Thursday, May 25, 2006

New Mass Translation Coming

Forget the Five Ways--the real proof that God exists lies in the fact that folks are finally beginning to see what a banal translation of the Mass we've been saddled with for so long. In spite of the inexplicable opposition of some bishops, it looks like a new translation is in the offing (see the story at Catholic News Service). The new translation is, I'm happy to say, not so very new--many of the expressions are just revivals of traditional expressions that have been used in English for generations. For example, the greeting "Dominus vobiscum", which literally means "The Lord [be] with you", is supposed to be answered with "Et cum spiritu tuo", which means literally "And with your spirit" but which was translated in the Mass as "And also with you." The more literal version will be familiar to Episcopalians, since it is what they have traditionally said in their own liturgies. Considering how ubiquitous the greeting is, not only in the Mass but in the other liturgies of the Church, including the Daily Office, this change will be felt right away, as minor as it is.

One change that I particularly like is in the Sanctus, which used to start off with the insipid "Holy, holy, holy Lord, God of power and might" but which will now begin with the sonorous "Holy, holy, holy is the Lord God of Hosts."

I don't fully understand the reasons for changing the beginning of the Nicene Creed away from the Greek "We belive" to the Latin "I believe". The original Greek text stresses the communal nature of confessing the Creed within the setting of the Mass; I'm not sure what the point would be of personalizing the thing with the change to the first person singular, other than that is more traditional in the sense of translating the Latin rather than the Greek text.

The emphasis, clearly, is on literalness without a sacrifice of clarity or meaning, and that, in my opinion, is a very salutary goal. Too often translators assume an audience of imbeciles and, in our increasingly literate culture, that is a foolish assumption to make. The old slogan lex orandi lex credendi is worth remembering--we learn from our liturgies, and it seems plausible to me that improving the aesthetic value of what we do communally in our worship could have a positive effect down the line in terms of spiritual growth and holiness of life. Such things cannot be guaranteed, obviously, but I doubt very much that the proposed changes will actually make things worse. To what extent is it true that to get more literal (that is, faithful to the Latin original) is also to get higher aesthetic value? Often, I think, it will vary, because it will obviously depend upon the aesthetic value of the original. But the Latin text of the Mass is grounded in a much older tradition than the ICEL translations, and the closer we get to that older tradition the better off we will be doctrinally, even if we make no progress aesthetically. But as long as we assume a literate participant in the Mass we ought to strive for aesthetic progress as well.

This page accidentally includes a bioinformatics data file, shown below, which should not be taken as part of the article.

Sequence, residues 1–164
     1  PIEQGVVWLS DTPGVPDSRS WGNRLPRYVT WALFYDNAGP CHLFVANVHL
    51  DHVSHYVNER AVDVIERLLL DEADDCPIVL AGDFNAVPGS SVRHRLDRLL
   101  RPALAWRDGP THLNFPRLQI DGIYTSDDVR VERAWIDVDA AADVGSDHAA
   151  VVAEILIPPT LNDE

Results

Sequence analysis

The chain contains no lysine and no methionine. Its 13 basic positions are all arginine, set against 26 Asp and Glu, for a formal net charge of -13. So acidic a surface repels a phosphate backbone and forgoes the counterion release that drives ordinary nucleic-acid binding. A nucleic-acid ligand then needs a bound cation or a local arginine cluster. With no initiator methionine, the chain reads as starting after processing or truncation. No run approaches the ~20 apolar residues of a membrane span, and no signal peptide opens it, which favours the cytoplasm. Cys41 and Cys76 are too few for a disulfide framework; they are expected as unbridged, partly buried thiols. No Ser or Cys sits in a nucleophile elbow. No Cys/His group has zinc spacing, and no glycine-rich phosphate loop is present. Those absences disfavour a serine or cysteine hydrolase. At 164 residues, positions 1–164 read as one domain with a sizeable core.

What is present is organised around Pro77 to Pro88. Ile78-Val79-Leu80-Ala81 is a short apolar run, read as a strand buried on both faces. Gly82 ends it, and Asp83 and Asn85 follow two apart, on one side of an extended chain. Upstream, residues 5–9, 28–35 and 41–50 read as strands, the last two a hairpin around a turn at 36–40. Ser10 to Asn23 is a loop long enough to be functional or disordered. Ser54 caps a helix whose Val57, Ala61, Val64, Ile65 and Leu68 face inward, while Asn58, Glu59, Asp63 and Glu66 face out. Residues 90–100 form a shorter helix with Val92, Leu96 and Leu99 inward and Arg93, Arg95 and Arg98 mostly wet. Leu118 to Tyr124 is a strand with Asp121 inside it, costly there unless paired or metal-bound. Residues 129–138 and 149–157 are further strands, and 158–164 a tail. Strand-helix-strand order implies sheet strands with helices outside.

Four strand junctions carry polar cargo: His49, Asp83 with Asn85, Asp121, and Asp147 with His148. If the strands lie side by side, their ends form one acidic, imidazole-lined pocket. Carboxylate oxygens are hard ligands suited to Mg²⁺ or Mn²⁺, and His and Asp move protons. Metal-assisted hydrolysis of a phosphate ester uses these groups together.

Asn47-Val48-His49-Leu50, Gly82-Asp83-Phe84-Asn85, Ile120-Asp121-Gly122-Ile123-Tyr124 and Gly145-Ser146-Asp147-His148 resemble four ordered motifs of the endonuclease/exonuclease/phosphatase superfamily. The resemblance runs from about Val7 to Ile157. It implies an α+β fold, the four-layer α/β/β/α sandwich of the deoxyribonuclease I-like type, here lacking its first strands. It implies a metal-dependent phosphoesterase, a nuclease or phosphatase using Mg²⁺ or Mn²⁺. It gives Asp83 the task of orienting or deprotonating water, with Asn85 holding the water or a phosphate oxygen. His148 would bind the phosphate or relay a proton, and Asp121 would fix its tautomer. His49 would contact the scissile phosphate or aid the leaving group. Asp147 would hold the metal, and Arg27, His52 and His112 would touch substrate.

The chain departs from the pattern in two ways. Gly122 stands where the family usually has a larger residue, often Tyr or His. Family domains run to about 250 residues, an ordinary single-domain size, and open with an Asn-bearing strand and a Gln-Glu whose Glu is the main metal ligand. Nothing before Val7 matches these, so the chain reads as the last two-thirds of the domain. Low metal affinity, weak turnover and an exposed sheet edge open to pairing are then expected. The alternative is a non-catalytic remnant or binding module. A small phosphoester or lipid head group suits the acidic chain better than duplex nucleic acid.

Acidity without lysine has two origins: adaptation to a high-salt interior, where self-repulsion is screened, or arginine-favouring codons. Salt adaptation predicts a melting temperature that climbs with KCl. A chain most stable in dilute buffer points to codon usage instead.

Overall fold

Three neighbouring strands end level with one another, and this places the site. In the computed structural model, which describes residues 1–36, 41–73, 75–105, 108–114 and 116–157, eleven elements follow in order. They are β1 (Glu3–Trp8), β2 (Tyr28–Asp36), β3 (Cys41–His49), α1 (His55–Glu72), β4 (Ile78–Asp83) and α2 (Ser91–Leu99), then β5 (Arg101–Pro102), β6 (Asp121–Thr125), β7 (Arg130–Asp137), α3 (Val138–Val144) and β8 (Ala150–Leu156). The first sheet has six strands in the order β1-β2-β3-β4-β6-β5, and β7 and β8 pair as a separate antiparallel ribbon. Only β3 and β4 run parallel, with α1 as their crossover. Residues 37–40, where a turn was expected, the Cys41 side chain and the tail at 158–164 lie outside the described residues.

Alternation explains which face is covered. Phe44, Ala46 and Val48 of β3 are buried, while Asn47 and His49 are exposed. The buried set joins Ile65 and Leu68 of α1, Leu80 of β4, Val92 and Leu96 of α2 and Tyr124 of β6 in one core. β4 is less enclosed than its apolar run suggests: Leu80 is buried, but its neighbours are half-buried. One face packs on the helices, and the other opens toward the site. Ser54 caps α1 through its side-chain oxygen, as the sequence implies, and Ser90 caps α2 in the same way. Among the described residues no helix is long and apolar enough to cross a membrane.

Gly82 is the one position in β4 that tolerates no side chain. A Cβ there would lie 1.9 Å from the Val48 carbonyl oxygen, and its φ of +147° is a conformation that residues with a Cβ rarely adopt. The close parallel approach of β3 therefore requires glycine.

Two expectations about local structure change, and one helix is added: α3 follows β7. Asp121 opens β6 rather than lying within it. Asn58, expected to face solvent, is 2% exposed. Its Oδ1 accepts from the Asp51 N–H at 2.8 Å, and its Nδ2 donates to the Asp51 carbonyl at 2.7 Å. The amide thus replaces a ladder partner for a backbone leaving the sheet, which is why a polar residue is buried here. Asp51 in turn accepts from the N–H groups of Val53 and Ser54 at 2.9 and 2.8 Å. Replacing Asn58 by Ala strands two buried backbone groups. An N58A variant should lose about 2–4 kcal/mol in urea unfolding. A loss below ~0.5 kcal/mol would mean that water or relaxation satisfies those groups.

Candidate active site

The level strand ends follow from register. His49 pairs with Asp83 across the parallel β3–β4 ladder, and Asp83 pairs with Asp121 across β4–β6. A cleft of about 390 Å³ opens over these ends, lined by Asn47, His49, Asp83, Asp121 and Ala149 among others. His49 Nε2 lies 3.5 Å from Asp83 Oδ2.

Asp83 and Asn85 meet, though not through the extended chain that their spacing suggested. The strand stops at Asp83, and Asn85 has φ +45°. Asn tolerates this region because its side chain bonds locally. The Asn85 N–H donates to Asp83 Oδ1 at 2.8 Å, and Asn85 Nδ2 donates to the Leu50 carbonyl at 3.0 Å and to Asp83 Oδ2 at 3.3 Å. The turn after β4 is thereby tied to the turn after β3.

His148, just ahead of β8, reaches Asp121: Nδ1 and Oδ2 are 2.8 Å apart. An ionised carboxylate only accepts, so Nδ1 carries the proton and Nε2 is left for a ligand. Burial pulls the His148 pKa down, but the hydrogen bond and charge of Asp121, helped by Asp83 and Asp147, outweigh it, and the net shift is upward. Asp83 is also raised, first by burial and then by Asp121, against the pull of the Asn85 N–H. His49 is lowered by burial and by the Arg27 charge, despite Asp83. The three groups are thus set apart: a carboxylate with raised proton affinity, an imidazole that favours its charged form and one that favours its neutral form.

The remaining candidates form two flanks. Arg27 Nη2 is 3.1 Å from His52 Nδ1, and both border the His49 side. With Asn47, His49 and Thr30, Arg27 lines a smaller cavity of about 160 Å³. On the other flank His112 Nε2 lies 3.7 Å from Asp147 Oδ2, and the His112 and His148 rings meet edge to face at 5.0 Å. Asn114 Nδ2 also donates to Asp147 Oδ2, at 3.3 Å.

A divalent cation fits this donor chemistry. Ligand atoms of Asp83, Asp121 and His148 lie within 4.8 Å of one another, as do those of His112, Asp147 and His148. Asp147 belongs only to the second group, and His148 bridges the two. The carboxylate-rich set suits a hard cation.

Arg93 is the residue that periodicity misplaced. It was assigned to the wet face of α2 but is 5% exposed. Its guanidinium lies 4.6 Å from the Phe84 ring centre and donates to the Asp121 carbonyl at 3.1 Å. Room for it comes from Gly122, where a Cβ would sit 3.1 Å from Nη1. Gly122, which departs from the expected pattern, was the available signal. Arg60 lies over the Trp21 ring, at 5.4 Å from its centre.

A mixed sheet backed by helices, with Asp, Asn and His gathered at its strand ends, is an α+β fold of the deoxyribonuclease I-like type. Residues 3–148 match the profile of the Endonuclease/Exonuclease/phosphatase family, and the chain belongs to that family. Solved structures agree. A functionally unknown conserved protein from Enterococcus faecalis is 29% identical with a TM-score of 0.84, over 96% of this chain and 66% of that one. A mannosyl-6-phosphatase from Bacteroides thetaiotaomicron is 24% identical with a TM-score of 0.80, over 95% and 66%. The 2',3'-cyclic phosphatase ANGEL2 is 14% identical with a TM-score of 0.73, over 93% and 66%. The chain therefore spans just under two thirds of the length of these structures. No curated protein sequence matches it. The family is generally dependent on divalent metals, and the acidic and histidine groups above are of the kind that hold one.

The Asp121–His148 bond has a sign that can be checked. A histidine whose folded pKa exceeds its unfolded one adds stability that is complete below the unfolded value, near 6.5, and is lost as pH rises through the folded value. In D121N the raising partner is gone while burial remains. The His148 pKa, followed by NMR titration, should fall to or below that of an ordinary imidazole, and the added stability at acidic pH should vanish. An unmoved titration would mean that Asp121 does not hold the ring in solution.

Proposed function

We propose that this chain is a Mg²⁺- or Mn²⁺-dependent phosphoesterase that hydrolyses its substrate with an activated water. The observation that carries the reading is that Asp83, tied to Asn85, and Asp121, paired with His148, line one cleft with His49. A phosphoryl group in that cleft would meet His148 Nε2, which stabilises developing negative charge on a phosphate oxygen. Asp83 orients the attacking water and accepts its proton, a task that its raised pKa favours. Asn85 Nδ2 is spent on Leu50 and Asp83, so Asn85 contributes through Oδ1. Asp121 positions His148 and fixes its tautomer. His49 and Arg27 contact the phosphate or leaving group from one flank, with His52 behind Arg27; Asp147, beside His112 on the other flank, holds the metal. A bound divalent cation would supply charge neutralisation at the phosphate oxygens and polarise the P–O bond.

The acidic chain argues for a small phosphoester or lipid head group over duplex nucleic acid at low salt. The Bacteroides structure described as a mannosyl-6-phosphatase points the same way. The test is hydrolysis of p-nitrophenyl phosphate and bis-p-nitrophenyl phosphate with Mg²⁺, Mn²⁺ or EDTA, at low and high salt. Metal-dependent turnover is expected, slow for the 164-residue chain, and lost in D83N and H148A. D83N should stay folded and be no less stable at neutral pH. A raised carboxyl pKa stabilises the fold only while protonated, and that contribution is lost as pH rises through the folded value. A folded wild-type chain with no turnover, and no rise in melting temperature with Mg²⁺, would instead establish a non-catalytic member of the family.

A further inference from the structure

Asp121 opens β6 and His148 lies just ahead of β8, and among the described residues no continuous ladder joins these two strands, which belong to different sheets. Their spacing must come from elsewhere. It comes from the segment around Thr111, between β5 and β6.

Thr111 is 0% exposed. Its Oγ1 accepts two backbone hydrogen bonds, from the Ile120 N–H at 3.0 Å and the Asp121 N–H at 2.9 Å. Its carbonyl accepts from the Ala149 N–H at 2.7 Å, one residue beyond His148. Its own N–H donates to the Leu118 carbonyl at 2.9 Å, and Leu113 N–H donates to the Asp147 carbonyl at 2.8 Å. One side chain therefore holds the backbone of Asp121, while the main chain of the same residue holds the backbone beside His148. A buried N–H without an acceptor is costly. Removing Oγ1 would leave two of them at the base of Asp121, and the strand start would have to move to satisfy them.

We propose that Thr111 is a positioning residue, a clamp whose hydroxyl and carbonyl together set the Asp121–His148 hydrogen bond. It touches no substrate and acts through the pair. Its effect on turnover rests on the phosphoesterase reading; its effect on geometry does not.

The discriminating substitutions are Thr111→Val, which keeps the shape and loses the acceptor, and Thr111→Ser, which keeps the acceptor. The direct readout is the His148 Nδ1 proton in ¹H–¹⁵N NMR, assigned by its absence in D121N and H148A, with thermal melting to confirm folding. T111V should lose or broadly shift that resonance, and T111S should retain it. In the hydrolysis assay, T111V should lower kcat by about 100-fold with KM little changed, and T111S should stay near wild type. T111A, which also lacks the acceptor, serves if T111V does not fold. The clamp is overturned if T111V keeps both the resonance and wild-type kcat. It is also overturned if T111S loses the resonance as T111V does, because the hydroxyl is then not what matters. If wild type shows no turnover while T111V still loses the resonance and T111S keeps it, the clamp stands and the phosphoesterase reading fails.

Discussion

Small changes can make a big difference. For this reason I often find myself irritated by apparently small things like changes in the calendar. Today should be Ascension Thursday, but in many dioceses Ascension is moved to the following Sunday. Although this has ostensibly been done to make it easier for Catholics to fulfill their obligation, it has the effect of ruining the symbolism of the period between Ascension and Pentecost--the First Novena is now nothing more than an ordinary octave. Maybe that is a small loss, but it is a loss nonetheless, and every loss costs us something. Given the fact that some Sollemnities are not moved it is very difficult for me to believe that moving the others really is all that necessary.

One way to avoid the banalities of translations, of course, is to say the Mass in Latin (and here I'm just talking about the use of the Latin language, not a return to the form of the Mass of the 1962 missal). I'm still hoping for the day when that becomes the norm again, though I doubt that my hopes will be realized in my lifetime. It would be nice, though, if it were at least an option in every parish.

1 comment:

Anonymous said...

Wise man!!!
God bless you